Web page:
Wednesday, August 25, 2010

Alexander McCall Smith - The Sunday Philosophy Club

I had long wanted to read something by Alexander McCall Smith having had positive recommendations for the writer famous for his No 1 Ladies Detective Agency series.

Isabel, the protagonist of the series would probably note, isn't a recommendation positive to begin with? Isabel Dalhousie lives in Edinburgh, is in her early forties, is reasonably wealthy and edits The Review of Applied Ethics.  Edinburgh is a quaint town to the south-east of Scotland.  It is famous for its old buildings. Parts of it has been declared a World Heritage Site.  It has a temperate climate which makes it a very good place to live in.  McCall Smith's descriptions of the place are so affectionate and warm that it makes you wish you lived there.  Isabel's age is perfect too.  She is not a giddy youngster skidding through life, she is more settled and more apt to observe and mull upon what she sees.  She does this also because she is a philosopher. Her job brings her in contact with philosophical tracts that she has to edit for the journal - Review of Applied Ethics.  Her comfortable circumstances and single status also give her a freedom to follow her heart.

She is old enough to be an old fashioned girl.  She likes the telephone to be answered in a certain way, she adheres to certain routines and likes good manners in people.  She likes to be very moral and is constantly mulling over whether a certain act is morally right or not. She is also young enough to sometimes forget her own philosophy of life and be rash, outspoken and imprudent.  In fact she usually does something 'wrong' right after she has debated the issue in her mind, which makes it all the more funny. At one time, she does not shy away from following an unpleasent man who is dating her neice, just on a curious impulse.

And, oh, of course, each book solves a mystery.

I read Friends, Lovers and Chocolate first, which is second in the series.  I was a bit undecided about the book, but picked it up anyway.  This is the beauty of a borrowing books from a library.  If you don't like the book much or find it tedious, you can just return it half read. This makes you pick up a book more indiscriminately than you would if you were to buy it.  I read the book as fast as I could, it was that good. It also made me buy the first in the series - The Sunday Philosophy Club.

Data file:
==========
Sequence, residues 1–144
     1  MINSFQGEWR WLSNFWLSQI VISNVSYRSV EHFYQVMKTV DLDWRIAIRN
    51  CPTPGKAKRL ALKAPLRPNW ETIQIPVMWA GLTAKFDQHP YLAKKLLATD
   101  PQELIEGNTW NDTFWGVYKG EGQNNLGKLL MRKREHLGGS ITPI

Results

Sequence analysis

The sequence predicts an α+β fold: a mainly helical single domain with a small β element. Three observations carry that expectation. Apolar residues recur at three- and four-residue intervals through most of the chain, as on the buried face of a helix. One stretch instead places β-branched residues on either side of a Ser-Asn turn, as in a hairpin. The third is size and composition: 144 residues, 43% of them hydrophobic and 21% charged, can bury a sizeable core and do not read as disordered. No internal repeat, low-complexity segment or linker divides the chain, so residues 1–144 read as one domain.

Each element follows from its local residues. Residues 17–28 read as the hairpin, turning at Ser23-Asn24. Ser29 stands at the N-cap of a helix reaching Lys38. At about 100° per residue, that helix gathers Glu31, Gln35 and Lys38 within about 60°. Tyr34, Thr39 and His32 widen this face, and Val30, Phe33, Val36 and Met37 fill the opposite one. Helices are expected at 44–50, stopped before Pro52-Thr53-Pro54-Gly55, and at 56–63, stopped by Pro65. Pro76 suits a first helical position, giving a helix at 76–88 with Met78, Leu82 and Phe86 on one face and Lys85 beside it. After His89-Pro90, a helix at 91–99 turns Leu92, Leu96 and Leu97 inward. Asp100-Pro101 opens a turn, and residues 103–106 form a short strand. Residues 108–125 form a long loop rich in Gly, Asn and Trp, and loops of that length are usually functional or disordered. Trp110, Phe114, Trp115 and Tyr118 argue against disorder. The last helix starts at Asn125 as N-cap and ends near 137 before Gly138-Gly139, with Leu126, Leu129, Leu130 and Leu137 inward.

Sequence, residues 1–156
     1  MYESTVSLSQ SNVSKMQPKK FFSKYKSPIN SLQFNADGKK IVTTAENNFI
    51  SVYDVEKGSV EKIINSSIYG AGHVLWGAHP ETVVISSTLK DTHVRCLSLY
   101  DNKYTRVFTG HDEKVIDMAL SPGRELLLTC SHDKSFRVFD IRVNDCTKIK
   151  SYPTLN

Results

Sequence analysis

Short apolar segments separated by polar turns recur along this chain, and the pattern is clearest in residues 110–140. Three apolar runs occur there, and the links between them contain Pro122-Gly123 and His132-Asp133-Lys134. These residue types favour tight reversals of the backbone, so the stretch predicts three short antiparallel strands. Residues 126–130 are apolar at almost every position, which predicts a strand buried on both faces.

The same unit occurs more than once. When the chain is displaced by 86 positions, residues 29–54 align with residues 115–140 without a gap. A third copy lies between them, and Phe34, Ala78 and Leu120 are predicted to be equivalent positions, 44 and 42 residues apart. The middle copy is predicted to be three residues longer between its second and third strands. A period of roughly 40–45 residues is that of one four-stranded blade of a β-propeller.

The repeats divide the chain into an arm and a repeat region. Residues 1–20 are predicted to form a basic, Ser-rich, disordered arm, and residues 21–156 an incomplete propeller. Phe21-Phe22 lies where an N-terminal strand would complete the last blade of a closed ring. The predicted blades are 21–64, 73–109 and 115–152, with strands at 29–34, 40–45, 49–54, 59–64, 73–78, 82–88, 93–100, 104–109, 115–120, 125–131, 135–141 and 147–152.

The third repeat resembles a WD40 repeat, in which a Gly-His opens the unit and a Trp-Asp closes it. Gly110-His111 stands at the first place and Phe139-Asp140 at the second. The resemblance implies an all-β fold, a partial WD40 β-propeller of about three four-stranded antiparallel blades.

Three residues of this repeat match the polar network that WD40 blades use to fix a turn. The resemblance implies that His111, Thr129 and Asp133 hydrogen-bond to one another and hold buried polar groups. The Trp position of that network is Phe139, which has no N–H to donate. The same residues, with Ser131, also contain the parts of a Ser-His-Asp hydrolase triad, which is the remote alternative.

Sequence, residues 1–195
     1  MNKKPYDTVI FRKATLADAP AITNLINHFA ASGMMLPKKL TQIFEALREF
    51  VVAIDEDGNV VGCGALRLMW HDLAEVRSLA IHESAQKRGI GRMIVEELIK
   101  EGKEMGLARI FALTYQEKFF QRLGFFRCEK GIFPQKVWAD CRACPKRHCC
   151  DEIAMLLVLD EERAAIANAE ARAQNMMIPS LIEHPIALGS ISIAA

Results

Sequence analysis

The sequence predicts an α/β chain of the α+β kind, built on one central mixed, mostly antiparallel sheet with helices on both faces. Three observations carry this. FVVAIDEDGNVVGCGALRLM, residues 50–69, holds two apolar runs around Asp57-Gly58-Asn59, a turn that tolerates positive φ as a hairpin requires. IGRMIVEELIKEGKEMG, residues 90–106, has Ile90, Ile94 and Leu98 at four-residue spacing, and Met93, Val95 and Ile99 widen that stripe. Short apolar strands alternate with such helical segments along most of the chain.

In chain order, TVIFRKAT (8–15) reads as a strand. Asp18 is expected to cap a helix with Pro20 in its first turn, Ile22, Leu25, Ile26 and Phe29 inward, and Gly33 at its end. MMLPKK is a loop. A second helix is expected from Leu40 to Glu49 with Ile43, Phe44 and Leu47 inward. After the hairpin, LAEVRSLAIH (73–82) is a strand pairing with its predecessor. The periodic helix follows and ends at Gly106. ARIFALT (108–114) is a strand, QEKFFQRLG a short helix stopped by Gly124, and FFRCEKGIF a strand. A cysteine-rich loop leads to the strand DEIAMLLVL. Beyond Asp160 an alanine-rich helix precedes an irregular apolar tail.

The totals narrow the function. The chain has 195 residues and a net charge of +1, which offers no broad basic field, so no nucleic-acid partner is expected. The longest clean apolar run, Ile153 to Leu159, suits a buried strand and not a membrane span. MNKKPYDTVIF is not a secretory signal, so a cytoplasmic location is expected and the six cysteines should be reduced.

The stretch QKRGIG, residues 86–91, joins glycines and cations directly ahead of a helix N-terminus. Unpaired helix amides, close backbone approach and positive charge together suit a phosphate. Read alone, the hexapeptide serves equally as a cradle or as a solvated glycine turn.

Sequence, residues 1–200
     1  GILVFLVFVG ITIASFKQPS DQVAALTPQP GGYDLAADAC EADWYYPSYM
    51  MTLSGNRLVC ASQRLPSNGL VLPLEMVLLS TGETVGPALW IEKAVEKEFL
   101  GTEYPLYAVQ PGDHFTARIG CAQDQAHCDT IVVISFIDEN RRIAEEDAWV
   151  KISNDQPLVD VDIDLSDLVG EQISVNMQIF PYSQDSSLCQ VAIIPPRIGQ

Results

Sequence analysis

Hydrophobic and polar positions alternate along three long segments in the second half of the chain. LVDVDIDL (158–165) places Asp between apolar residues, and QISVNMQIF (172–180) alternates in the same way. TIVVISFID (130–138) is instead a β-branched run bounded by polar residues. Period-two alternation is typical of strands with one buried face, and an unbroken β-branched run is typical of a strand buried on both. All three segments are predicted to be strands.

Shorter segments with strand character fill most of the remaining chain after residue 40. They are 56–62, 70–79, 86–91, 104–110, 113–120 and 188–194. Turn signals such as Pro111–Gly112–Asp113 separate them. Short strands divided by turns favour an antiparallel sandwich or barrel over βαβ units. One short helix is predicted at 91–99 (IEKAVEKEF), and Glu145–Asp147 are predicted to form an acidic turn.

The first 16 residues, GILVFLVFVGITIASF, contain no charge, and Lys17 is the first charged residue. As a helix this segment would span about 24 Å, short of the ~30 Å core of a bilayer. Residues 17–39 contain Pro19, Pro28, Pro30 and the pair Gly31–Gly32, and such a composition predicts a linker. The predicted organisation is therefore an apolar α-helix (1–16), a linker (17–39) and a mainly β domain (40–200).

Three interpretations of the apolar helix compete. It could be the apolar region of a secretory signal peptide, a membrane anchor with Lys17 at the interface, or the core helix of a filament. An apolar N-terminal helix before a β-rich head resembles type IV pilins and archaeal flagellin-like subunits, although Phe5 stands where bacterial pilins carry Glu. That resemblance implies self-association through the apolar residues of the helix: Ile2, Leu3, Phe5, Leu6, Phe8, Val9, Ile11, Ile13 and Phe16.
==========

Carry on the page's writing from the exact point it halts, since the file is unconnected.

Isabel and a group of fellow philosophers used to run the Sunday Philosophy Club.  The name of this series is ironical, as the Sunday Philosophy Club is now defunct.  Isabel would like to revive it, relishing the idea of discussing philosophical issues with her friends, but as her two close associates - her neice Cat, and friend Jaime - note, Sunday is not an easy day on which to meet.

The story moves at a gentle pace and is full of delightful descriptions that is reminiscent of Jane Austen. A lady mystery solver is reminiscent of Agatha Christie.  Like Agatha Christie, the mystery is not always earth shaking.  The first novel deals with a possible murder, but the second one deals with visions that a person has. However, unlike Agatha Christie mystries, the mystery itself does not seem central to the plot, nor is Isabel always commissioned to solve the mystery. The mystery seems almost like a sideplot. It is Isabel's philosophical musings that take the centre stage.

It is the general drift of Isabel Dalhousie's life that is so charming.  Her laidback lifestyle, her appreciation of the arts, her tendency to philosophise over even mundane events, her sharp observations, her close friends, all these lay a grip on you and you want to read more and more about her. Isabel is close to her neice Cat, who runs a delicatessan.  Jaime is a musician and a close friend um, pretty pretty close.  Her housekeeper Grace is full of surprises and Isabel finds it edifying to consult her on several matters at hand.  Lovely Edinburgh is always in the background.  It is all these that make the series so captivating. I am listing the books in the series here to prevent you from hitting the wikipedia page, which is shamefully full of spoilers.

1.The Sunday Philosophy Club (2004)
2.Friends, Lovers, Chocolate (2005)
3.The Right Attitude to Rain (2006)
4.The Careful Use of Compliments (2007)
5.The Comforts of a Muddy Saturday (2008)
6.The Lost Art of Gratitude (2009)

The last book came out in 2009 as we can see.  I hope the author continues with the series which would surely delight me.

Tuesday, August 10, 2010

Jonathan Stroud - The Bartimaeus Trilogy

Jonathan Stroud